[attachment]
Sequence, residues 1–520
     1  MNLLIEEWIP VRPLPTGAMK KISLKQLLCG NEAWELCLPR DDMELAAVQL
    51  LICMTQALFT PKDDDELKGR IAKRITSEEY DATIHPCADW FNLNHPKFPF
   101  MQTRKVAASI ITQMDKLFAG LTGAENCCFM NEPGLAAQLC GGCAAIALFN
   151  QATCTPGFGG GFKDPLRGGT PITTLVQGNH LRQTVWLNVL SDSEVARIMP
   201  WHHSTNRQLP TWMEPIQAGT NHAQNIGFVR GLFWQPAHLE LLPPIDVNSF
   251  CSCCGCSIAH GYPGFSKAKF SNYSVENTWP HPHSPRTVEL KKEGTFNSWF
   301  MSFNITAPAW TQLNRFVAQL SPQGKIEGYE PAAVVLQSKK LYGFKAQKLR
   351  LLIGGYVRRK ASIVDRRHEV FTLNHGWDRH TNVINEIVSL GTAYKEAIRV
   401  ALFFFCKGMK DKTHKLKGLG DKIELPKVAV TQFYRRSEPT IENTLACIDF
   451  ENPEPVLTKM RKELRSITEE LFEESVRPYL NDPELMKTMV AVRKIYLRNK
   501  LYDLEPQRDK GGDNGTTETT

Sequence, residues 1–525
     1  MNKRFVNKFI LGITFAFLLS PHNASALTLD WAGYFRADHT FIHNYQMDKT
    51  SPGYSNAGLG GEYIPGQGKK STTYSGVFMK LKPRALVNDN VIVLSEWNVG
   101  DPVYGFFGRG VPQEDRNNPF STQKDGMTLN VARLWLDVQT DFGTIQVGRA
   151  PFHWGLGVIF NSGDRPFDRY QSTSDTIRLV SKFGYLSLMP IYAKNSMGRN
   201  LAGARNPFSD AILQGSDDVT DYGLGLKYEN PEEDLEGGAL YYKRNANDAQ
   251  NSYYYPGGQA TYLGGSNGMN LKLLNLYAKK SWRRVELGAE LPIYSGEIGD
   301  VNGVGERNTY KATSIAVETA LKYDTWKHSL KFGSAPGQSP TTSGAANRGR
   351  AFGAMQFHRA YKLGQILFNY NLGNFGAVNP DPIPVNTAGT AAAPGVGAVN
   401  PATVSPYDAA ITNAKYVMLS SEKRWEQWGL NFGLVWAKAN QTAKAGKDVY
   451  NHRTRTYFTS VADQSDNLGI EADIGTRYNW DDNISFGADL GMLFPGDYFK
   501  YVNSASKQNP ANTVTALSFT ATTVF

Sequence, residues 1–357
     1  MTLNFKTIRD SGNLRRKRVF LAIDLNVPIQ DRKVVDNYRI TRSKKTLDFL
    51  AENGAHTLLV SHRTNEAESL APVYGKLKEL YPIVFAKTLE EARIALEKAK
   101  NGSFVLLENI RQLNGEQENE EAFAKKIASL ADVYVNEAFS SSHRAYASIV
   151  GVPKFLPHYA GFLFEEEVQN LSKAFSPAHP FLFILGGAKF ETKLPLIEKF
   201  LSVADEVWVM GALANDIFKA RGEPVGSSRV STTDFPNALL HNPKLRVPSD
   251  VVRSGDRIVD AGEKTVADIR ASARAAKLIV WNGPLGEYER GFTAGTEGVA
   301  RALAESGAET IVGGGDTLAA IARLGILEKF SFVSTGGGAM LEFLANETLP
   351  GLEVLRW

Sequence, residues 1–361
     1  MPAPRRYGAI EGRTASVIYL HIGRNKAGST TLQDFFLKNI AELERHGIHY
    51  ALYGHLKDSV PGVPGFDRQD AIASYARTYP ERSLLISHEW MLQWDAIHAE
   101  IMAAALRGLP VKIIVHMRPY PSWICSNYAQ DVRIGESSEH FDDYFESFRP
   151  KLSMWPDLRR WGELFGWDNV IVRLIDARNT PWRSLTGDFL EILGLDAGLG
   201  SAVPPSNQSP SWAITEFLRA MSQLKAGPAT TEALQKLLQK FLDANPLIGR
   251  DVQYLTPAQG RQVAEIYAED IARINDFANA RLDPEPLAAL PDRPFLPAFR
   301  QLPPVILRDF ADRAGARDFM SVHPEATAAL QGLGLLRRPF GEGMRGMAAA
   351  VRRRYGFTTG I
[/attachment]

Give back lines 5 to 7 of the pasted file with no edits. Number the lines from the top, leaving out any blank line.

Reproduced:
   151  QATCTPGFGG GFKDPLRGGT PITTLVQGNH LRQTVWLNVL SDSEVARIMP
   201  WHHSTNRQLP TWMEPIQAGT NHAQNIGFVR GLFWQPAHLE LLPPIDVNSF
   251  CSCCGCSIAH GYPGFSKAKF SNYSVENTWP HPHSPRTVEL KKEGTFNSWF